When Mr. Bellamy had been seated in his usual table and had been given his usual pre-dinner glass of wine it seemed as if the evening was going to progress in its usual manner. He would dine alone as was his habit on Thursday nights. He would have one glass before dinner of Cabernet Sauvignon and one with his meal. Dinner would consist of steak medium rare, golden brown fried mushrooms, asparagus lightly sautéed, baked potato with all the trimmings and a small dish of vanilla ice cream for dessert. It wasn’t a terribly high class meal but Mr. Bellamy tipped well.

When he had finished his repast, Mr. Bellamy carefully blotted his lips with his napkin. He signed for the meal, complemented the chef and the waiters and prepared to take his leave.

“Excuse me sir, Mr. Bellamy.”

A young man had materialized out of the restaurant and had his hand on the chair opposite Mr. Bellamy.

“I am just leaving young man, you are welcome to the table.”

“Actually sir, I need to take a few moments of your time. It is rather important.”

The gentleman in question motioned for the young man to take the seat opposite him and signalled to the waiter for another glass of wine.

“Would you join me young man? It is a delightful wine.”

As the stranger seated himself at the table he nodded his assent.

Once the wine had been poured and both gentlemen had savoured the flavour Mr. Bellamy spoke.

“I am assuming that you are here to tell me you have discovered my sordid past.”

The young man sat with a stunned look on his face, his glass of wine frozen between the table and his mouth.

“Sir I, I just thought…”

“You thought that you were the first to discover my background and that it would make juicy reading for a public that relishes bad news. You thought that I would be ashamed of my past. I’m guessing for a modest sum you would be willing to withhold that information. Am I right young man?”

“Sir, information like this can be quite damaging…”

“Really? To whom?”

“Well sir you have a reputation, a position. I hardly think this information…”

Mr. Bellamy smiled, he even chuckled a little at the perplexed young man sitting across from him.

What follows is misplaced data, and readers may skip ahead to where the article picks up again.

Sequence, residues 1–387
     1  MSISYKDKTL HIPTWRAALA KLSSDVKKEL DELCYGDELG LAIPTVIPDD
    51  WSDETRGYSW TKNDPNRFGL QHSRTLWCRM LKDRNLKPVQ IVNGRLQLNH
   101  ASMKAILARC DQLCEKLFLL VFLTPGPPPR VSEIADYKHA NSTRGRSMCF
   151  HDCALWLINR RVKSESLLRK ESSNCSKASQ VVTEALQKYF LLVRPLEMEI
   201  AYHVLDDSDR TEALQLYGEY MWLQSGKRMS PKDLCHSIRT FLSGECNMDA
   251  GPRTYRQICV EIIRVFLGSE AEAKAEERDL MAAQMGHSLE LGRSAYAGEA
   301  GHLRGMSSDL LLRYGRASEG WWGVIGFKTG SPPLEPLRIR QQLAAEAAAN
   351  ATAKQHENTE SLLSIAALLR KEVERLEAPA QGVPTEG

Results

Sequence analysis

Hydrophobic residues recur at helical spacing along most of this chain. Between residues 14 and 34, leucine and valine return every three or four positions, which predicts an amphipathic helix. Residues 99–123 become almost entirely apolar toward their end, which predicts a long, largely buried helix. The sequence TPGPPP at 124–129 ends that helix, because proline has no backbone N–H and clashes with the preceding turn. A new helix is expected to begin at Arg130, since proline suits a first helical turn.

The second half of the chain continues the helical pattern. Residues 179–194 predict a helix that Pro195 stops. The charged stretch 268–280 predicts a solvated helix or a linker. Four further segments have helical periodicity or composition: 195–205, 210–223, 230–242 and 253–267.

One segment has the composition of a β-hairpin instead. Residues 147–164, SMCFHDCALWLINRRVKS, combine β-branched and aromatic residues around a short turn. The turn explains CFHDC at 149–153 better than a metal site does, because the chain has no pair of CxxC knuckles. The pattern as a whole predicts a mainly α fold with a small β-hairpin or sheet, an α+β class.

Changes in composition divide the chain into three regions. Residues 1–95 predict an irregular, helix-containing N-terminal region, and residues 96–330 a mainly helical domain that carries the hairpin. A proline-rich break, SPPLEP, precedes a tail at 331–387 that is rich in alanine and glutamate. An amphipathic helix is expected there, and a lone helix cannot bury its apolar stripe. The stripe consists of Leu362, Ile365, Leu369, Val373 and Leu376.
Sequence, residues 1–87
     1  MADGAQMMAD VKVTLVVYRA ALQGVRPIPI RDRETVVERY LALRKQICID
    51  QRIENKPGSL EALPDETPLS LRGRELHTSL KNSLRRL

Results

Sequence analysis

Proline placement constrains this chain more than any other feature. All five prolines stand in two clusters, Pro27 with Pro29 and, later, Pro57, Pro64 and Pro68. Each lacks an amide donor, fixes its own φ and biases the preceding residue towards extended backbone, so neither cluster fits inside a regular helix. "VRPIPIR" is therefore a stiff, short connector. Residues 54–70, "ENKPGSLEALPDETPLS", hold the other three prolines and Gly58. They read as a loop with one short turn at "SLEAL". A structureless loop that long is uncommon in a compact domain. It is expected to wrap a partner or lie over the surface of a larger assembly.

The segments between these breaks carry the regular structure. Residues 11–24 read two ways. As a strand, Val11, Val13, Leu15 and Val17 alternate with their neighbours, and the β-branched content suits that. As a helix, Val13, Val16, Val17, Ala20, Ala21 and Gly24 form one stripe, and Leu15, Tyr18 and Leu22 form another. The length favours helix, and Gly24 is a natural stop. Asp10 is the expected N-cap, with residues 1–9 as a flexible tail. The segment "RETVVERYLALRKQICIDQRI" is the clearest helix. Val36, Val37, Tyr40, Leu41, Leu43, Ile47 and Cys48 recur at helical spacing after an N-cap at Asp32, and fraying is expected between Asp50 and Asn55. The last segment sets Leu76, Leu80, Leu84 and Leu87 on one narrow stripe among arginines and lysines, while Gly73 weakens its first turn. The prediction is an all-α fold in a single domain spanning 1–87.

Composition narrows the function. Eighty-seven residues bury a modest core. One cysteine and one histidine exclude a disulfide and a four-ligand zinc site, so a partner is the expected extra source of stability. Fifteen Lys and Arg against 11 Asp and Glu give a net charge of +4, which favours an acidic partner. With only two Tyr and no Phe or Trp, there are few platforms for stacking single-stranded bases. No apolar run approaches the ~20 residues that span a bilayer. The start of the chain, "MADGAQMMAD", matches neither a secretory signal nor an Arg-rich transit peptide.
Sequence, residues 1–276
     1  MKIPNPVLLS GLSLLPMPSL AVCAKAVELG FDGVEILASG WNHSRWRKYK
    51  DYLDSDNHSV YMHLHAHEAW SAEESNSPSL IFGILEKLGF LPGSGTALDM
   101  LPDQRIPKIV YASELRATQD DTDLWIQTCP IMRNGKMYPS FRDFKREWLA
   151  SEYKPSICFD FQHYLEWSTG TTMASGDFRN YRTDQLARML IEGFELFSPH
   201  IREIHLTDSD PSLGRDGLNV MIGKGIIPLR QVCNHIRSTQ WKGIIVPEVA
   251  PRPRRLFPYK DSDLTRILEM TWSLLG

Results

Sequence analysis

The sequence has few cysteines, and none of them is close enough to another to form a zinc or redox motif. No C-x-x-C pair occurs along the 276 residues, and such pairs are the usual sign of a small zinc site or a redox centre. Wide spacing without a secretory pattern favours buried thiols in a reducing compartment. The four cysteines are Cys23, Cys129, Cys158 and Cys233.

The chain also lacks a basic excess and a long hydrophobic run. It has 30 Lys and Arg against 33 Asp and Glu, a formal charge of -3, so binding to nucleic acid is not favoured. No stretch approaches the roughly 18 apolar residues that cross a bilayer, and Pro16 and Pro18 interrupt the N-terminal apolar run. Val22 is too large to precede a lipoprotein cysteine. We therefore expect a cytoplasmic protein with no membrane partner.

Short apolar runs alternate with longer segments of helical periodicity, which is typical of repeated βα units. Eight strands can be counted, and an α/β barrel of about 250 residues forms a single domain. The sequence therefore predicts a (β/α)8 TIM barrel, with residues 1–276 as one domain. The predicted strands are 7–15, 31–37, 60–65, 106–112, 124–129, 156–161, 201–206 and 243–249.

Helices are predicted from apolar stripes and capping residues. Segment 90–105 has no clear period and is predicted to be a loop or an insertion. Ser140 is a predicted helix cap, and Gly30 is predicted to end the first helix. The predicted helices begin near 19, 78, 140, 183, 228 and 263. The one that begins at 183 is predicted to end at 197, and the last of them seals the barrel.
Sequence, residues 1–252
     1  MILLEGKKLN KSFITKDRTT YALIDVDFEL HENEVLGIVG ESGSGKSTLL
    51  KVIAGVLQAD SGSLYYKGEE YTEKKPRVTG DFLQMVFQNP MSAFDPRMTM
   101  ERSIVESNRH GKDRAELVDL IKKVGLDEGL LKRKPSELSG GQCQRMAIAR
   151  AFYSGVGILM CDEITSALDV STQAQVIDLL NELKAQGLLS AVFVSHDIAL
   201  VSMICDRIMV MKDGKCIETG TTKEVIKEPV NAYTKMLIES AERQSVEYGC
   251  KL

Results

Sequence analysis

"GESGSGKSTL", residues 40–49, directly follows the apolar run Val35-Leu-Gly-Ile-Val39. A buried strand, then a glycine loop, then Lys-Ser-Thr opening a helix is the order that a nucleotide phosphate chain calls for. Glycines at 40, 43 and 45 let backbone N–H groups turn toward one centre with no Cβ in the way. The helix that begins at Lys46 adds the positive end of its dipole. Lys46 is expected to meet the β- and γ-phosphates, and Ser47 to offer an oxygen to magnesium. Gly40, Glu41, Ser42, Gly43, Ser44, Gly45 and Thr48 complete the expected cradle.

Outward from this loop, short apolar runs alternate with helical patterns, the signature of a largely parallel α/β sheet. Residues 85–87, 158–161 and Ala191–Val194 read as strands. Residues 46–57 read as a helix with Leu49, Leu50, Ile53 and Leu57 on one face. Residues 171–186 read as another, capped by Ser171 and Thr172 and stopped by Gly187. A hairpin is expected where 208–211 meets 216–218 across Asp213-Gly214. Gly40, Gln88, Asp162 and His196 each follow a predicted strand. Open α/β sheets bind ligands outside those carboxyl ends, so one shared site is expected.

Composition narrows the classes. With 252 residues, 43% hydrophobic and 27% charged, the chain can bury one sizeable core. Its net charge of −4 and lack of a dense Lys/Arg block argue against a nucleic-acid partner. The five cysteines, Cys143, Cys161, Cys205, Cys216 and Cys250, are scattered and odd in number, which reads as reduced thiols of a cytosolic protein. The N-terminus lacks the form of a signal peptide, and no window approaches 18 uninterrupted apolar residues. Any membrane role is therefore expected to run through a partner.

“My poor disillusioned young man. You judge everything based on a standard that does not exist. I was not born into wealth, I did not win any money, I earned my wealth based on an ideal. Unlike you who is looking for a ‘get rich quick’ scheme and thought I was fair game.”

Now the young man was starting to squirm in his seat. This was not going according to plan at all. He realized that his ploy to extort money from this wealthy man had failed miserably. He wanted desperately to leave the table and hide but was afraid to even attempt it.

“Yes I had humble beginnings: I lived in a trailer park with my mother. We were poor but we had one thing that money cannot buy: we had love. I know it sounds trite but we supported each other even during the bad times.”

At this point Mr. Bellamy’s eyes seemed to glaze over as he took a little jaunt down memory lane. He remembered his mother and her drinking. He remembered how she always tried to stay positive around him. He also remembered the very first time he saw fool’s gold. It was that shiny substance that was beginning of his journey. And this poor young man thought he was ashamed of his past. His mother had overcome her demons and was now a successful designer. He had built a large corporation that was varied and worth millions. It just goes to show you what someone can do with a little hard work and sacrifice.

“By the way young man, did you catch the name of this restaurant? It’s called FOOL’S GOLD. Now do you understand?”

 

The end

 

 

 

 

 

A Forest Life

 

 

 

A songbird sings

A haunting tale

Of love and loss

And hope.

 

A deer finds comfort

Amongst the trees

Its graceful body

At rest.

 

The squirrel

The hoarder

With nuts stacked high

Winter’s feast.

 

The mole digs deep

The ground so soft

It serves to hide

And sleep.

 

The wolves are here

The prey’s afraid

Cycle of life

Lives on.

 

Where do those

Who we call human

Have the right

To be?